My there's some very handsome gentlemen (and some not so gentle men*) at this week's Tumblr, mydaguerreotypeboyfriend.tumblr.com

*The image above shows Lewis Thornton Powell, "one of four people hanged for the Lincoln assassination conspiracy, which makes him a pretty bad dude. However, you cannot deny he was pretty darn good looking. Ah, why must it always be the bad boys…"


Unidentified soldier in Union uniform with Company F hat and upside down U.S. belt buckle, armed with Colt revolver and cavalry sword. (Library of Congress)

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Looks a little bit like the Welsh actor Ioan Gruffudd, don’t you think?


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thewriterwiner says: This is my great-grandfather. He was born in 1876, and he was maybe in his 20s here, so I’d date the photo around early 1900s. He was a performer in Vaudeville (so I’ve been told), and he was born in a small town in New Hampshire. Both his parents were French-Canadians.

Thanks for the sexy strongman!


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Those are some choice last words, Captain Oates. And a great sweater to boot.

From submitter laurielover1912

This is Captain Lawrence Oates, a member of Captain Scott’s doomed Antarctic expedition of 1910-1912. Oates was a cavalry officer who was in charge of the ponies on the expedition. I’ve had a huge historical crush on him for years and have him to blame for my username. Oates is best remembered for walking out into the blizzard to his death when he couldn’t continue due to the pain he was in, thereby giving his friends more chance of pulling through (sadly they didn’t). Just before leaving the tent, he famously spoke the words: ‘I’m just going outside and may be some time.’ The epitome of the competent but reserved English hero, he was also one very fine looking man.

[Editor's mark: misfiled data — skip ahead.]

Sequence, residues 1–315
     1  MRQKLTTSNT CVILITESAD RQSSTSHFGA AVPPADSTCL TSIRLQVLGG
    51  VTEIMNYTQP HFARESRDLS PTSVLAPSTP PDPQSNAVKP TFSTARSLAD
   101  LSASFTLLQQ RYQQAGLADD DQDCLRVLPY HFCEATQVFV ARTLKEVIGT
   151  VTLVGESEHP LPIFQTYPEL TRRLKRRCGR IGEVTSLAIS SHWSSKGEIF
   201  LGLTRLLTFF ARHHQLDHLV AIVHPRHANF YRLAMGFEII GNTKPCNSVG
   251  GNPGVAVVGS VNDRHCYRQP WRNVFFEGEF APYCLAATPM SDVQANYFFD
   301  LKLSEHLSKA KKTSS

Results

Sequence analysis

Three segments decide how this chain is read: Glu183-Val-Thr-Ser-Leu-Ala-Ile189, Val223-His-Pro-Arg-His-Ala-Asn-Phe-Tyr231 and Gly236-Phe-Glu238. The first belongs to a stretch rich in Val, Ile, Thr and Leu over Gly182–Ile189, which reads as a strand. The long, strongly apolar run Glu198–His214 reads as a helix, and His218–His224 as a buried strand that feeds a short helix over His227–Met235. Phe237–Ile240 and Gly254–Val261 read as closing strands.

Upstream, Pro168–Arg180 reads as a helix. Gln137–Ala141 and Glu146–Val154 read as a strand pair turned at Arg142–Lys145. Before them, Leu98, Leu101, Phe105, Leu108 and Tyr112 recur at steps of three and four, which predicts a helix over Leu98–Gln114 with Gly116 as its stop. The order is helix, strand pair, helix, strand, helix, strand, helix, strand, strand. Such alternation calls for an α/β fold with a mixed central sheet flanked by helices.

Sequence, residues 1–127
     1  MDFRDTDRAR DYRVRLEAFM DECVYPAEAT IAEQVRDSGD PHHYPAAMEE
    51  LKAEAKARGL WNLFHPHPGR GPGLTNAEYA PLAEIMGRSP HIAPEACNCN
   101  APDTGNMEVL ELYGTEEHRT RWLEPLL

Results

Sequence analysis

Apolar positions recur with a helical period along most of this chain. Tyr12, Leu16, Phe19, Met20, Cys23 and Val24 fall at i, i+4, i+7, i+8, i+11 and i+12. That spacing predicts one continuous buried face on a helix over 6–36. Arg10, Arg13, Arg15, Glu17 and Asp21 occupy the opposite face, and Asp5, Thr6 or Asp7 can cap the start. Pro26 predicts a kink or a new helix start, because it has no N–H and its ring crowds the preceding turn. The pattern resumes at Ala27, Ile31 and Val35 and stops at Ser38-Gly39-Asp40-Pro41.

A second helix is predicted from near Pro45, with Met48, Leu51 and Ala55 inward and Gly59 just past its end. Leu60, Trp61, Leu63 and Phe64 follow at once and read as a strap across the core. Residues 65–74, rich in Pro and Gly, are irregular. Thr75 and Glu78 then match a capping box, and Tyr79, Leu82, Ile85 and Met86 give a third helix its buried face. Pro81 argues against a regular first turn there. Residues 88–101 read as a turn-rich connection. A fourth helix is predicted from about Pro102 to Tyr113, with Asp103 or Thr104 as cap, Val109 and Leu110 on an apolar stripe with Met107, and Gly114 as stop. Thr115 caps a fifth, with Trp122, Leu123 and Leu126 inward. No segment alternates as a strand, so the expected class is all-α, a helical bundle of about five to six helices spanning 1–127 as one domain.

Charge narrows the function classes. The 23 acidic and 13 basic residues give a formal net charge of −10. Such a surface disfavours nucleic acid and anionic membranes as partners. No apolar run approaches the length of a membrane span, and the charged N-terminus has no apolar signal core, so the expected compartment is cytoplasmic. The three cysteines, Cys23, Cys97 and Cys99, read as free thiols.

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Second Lt. James G. Sturgis. Killed in action at Little Big Horn.

Cumberbatch, is that you?


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From submitter Brian Feller: Alva Wilder (1842-1918), my great-great Grandfather. Taken we believe in 1862. He was a Civil War vet for the North. He was part of the 1st Michigan Light Artillery Battery “A” which was also known as the Loomis’ Battery.


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Horace Hopkins Coolidge, age 22, on his graduation from Harvard College, class of 1852. (Harvard Archives) Among the many gifts his fairy godmother endowed on Horace Coolidge were a genial charm of manner, a rare tenderness and a spirit of living kindness, and a loyalty in friendship which made him dearly loved by all who knew him. After graduating, he did what many young men of his time did, and traveled to Egypt for two years, returning to Boston to marry his sweetheart and become a lawyer.